Bankole: Behind the scenes, retiring editor leaves mark

Bankole Thompson
The Detroit News

Award ceremonies may not tell you all you need to know about a consummate professional, but they provide you with the opportunity to understand why certain individuals do what they do. They present a window to their worldview and the bedrock principles that underscore their diligence and dedication.

That in a way explains the lens through which I began to view Walter Middlebrook, outgoing assistant managing editor at The Detroit News, when he and I and other journalists were honored for our commitment to media diversity.

The ceremony, held in March 2010, presented Middlebrook as a man who did not take his professional responsibilities lightly and who has earned the respect of his colleagues in the business.

I remembered his quiet demeanor. In fact, when he walked in, he didn’t project himself in a manner that suggested he was one of the honorees. Instead, he was busy interacting with some of the journalism students, and I would later find out that mentoring budding journalists was one of his greatest passions.

Five years after our maiden encounter, fate brought us together at The News, where I got the opportunity to know him better. As he was assigned to edit my columns, Middlebrook and I would talk regularly on a wide range of issues. When he and I would meet he would make his observations in a way that wouldn’t question or undermine my right to express my viewpoints. I came to see him as someone with a discerning and inspiring disposition, who does not force his opinion on others despite his own strong convictions.

Of course, I had no doubt he had genuine interest in my success as a columnist. But I was not alone in this. Several other journalists who have crossed paths with Middlebrook, and went on to become widely successful, feel the same way.

“I first met Walter at a minority job fair sponsored by Newsday where he worked at the time in the late 1990s,” said Russell Contreras, who is now an Associated Press reporter for New Mexico. “At the job fair, he advised me that I should consider a medium or small newspaper to get clips and experience. He said don’t be scared to go to a newspaper of any size if you were going to write strong stories.”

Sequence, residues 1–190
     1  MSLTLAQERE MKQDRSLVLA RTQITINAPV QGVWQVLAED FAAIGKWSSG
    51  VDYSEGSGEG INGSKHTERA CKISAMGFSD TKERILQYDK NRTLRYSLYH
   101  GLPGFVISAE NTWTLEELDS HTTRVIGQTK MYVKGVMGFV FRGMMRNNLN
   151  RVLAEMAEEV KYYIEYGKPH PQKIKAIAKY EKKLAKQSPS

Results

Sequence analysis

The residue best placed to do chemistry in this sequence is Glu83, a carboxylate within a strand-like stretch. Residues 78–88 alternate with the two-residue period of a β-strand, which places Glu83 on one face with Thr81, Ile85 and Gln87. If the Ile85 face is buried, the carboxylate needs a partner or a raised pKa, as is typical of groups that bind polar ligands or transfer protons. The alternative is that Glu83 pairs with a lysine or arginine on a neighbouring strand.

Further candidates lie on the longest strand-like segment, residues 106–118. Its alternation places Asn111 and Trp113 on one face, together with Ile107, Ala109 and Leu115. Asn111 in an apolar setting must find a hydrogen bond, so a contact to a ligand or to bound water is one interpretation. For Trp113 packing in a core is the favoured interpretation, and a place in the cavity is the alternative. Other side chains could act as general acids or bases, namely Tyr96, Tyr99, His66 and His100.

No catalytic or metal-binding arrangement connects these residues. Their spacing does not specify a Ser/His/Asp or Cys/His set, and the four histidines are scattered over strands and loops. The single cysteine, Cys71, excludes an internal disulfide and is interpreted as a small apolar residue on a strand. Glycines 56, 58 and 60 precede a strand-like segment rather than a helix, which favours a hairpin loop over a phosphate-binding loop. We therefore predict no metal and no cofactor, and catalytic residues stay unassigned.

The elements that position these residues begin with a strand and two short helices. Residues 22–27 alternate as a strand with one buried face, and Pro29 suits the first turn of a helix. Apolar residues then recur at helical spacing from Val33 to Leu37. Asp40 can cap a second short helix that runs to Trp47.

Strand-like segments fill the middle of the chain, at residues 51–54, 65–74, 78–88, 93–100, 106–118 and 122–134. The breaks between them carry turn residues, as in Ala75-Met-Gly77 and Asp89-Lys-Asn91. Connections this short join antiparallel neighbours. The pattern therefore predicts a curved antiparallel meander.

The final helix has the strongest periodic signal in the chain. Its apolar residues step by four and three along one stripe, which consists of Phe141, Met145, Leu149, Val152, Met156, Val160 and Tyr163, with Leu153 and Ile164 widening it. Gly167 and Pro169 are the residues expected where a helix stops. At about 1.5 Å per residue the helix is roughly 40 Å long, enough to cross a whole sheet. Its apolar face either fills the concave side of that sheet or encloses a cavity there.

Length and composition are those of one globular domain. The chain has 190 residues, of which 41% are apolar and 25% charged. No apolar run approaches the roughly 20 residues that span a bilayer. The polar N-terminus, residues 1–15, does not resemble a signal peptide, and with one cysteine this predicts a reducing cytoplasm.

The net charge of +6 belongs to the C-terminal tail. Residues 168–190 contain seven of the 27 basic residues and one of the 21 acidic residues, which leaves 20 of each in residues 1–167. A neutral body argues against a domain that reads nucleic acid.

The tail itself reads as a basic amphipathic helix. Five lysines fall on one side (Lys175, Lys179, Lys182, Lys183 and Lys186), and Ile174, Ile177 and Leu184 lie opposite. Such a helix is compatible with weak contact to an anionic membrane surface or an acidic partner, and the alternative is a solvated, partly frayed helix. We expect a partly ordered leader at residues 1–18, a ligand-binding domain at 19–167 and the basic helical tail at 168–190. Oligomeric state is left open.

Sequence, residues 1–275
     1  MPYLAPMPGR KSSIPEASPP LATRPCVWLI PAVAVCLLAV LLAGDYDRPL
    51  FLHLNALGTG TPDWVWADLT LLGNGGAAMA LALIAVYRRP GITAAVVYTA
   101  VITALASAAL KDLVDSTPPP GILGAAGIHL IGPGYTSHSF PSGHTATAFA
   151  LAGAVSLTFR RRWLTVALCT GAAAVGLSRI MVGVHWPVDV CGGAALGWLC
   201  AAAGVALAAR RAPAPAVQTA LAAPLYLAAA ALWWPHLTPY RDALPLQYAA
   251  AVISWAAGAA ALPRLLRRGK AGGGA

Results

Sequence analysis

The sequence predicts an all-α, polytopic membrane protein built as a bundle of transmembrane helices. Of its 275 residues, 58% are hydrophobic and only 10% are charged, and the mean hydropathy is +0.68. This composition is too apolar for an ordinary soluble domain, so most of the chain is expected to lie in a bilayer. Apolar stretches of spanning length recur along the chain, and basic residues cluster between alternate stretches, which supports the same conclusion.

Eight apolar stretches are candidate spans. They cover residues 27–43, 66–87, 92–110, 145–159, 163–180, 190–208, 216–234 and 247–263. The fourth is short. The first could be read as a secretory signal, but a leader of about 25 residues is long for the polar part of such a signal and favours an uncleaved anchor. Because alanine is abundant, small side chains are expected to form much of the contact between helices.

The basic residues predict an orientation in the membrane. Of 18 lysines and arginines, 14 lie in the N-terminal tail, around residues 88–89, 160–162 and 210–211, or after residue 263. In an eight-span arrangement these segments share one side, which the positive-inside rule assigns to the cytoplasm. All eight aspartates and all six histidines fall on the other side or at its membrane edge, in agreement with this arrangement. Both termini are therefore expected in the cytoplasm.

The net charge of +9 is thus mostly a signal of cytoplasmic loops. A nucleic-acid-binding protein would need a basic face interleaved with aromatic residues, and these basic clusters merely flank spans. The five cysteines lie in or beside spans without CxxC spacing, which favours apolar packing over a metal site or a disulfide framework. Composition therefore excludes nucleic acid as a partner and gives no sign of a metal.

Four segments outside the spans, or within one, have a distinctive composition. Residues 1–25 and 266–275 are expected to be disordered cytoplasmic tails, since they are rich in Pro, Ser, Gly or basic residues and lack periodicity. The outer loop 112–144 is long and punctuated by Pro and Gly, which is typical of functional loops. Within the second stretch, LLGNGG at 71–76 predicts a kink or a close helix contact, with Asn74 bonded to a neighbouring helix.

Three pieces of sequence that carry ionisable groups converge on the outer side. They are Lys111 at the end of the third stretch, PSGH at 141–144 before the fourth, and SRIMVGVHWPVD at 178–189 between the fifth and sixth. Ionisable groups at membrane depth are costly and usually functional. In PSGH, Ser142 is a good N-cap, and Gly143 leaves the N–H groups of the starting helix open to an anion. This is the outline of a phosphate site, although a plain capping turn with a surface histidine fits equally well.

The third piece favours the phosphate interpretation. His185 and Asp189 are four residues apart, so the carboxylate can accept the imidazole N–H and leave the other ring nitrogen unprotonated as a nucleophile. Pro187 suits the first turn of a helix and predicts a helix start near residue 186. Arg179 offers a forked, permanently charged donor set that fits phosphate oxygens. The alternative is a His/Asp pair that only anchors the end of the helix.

Contreras remembered the last advice Middlebrook gave him: He should help other young journalists of color who would come behind him.

“His commitment to diversity and his desire to get diverse voices in the American narrative remain one of his greatest contributions,” Contreras said.

Richard Prince, who writes Journal-isms, a weekly online journal about the media and diversity, agrees.

“He is hard working, loyal, dedicated to the craft and dedicated to the need for inclusion,” said Prince, who met Middlebrook in the 1980s through the National Association of Black Journalists.

But Middlebrook’s biggest impact is perhaps felt at The News, where he recruited and mentored many current and former reporters when he returned to the paper in 2007 as recruiting editor. He was later appointed by publisher Jonathan Wolman to assistant managing editor in 2009 to oversee the paper’s metro coverage. Since 2014, he has directed the investigations and project team.

“Walter has served two tours of duty here, making enormous contributions to our coverage,” Wolman said. “But more than that, he’s been something of an ambassador, representing the paper across Detroit and throughout Michigan in community, academic and publishing circles.”

He added, “He’s picked up a million friends and admirers in a career that took him to the New York Times, USA Today, Newsday and terrific papers in Boston, the Twin Cities and Memphis. He’s been a mentor to many young journalists and some not-so-young, including me.”

It is often said that men and women who’ve gone on to make a significant difference in the lives of others are products of the societies that informed their upbringing. Middlebrook explained his coming of age in Memphis, Tennessee, in the era of Jim Crow during a panel discussion in 2016.

“I was born and raised in the Deep South during segregation. And I was raised with a father in the house. He was not an educated man, but he taught me the value of work, ethics and self-esteem. He even went without employment for several years because of his activities in the labor movement. Between my father and my mother, we never went without food or ever thought that we were poor,” Middlebrook said.

In an era when the news media has come under assault, and the legitimacy of news organizations continue to face questioning, journalism is alive today because of the outstanding contributions of journalists like Walter Middlebrook.

As he bids us goodbye at The News, I know I will miss his eagle eyes and kind suggestions.

Twitter: @BankoleDetNews

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